Spotlight Reveals Institutional Complicity

December 13th, 2015 / 2 Comments

The new movie, Spotlight, tells the ugly story of clergy sexual abuse of children. But what the movie says about institutional complicity reveals the ugly side of church leadership.

Spotlight is based on the true story of how Boston Globe newspaper’s investigative reporting team called, “Spotlight.” The team uncovered widespread child molestation and its cover-up in Boston’s Catholic Archdiocese.

As one might expect, the individual cases of abuse – more than 1,000 – are at the heart of the movie. The devastating effects of the abuse are seen in the children molested and their families.download (1)

But what Spotlight does especially well is describe wider complicity by ecclesial authorities and the legal system. Priests preyed on mostly underprivileged boys, using their positions of power to satisfy their own illicit pleasures.

Lawyers called in by the church to meet with victims and their families encouraged those involved to sign confidentiality agreements but offered minimal financial compensation. The agreements and small payments were kept off the legal record.

When religious authorities cover up abuse, young and old lose faith in the church. Click To Tweet

Spotlight addresses the larger institutional structures of the church and why the institution became blameworthy. Not only were priest violators shuffled from parish to parish. But church leadership went to great effort to keep victims silent.

I believe that Spotlight offers as a powerful example of how failure to act for the good of the few undermines the good of the whole. Church leadership wrongly thought that protecting the reputations of their fellow leaders and the institution as a whole – while covering up the truth about how some leaders were abusive – was best.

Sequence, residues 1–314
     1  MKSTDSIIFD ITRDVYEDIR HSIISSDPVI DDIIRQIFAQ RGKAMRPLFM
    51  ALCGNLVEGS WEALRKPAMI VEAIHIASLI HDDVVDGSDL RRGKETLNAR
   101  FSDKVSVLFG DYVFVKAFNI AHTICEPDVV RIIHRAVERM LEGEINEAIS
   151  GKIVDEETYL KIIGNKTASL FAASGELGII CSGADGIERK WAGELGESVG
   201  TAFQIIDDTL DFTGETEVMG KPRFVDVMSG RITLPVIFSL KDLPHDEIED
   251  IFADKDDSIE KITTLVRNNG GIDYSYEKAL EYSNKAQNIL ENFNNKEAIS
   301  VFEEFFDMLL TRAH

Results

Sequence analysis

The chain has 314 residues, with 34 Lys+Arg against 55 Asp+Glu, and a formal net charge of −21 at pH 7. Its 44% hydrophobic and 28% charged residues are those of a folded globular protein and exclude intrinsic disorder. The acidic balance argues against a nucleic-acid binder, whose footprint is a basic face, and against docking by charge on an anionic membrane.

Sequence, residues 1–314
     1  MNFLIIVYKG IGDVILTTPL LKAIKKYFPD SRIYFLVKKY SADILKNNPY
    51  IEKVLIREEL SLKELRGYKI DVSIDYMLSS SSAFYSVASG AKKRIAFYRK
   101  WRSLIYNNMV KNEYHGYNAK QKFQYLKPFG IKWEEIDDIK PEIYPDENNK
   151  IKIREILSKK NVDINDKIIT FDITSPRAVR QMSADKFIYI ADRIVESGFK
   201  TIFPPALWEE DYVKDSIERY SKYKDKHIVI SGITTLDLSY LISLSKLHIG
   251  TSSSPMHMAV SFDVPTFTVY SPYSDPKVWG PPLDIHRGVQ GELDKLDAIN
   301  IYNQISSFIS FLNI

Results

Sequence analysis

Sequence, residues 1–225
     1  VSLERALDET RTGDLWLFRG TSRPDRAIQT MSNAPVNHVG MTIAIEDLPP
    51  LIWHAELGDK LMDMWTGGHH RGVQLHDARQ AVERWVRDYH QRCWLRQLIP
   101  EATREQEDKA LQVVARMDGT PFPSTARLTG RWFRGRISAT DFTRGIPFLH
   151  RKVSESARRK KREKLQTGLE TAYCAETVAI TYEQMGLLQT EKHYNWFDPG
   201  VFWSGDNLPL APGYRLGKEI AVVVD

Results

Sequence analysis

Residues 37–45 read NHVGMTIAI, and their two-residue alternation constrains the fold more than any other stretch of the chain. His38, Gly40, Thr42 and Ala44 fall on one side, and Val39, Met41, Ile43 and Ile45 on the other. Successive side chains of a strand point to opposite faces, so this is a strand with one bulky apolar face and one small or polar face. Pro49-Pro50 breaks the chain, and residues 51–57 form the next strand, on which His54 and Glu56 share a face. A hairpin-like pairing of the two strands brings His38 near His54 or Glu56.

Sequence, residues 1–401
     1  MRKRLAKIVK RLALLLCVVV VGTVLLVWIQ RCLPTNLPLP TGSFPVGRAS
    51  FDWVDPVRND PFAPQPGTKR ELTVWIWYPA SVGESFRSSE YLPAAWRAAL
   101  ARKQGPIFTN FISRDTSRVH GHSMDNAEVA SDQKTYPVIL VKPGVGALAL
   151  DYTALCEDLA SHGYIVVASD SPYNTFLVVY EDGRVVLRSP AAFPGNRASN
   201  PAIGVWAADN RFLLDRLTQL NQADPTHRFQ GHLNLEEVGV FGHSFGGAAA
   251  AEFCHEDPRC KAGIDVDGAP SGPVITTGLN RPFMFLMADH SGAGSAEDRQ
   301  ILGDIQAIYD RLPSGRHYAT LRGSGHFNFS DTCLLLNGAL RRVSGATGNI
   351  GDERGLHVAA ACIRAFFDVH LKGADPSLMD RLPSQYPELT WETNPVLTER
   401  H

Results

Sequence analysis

The result is expressed well in the movie by an attorney representing the victims: “If it takes a village to raise a child, it takes a village to abuse one.”

Those who turn a blind eye to justice will not be looked to for spiritual inspiration. Click To Tweet

download (2)

One of the most insightful scenes comes near the end of Spotlight, as Globe reporters, played by Mark Ruffalo and Rachel McAdams, think about what the scandal means for their own relation to the church. Both were raised in Roman Catholic communities, but both say their adult involvement was little to nothing.

McAdams’s character admits that she can no longer bring herself to attend mass. Ruffalo’s character says he had always assumed he would return to the church. The molestation scandal and ongoing cover-up, however, now presented insurmountable obstacles. What the church had done, especially its leaders, made him unwilling to return to the church community.

One advocate for the victims says early in the movie that what happened was “not just physical abuse, it’s spiritual abuse.” In other words, those molested had lost faith or could no longer maintain healthy spiritual lives.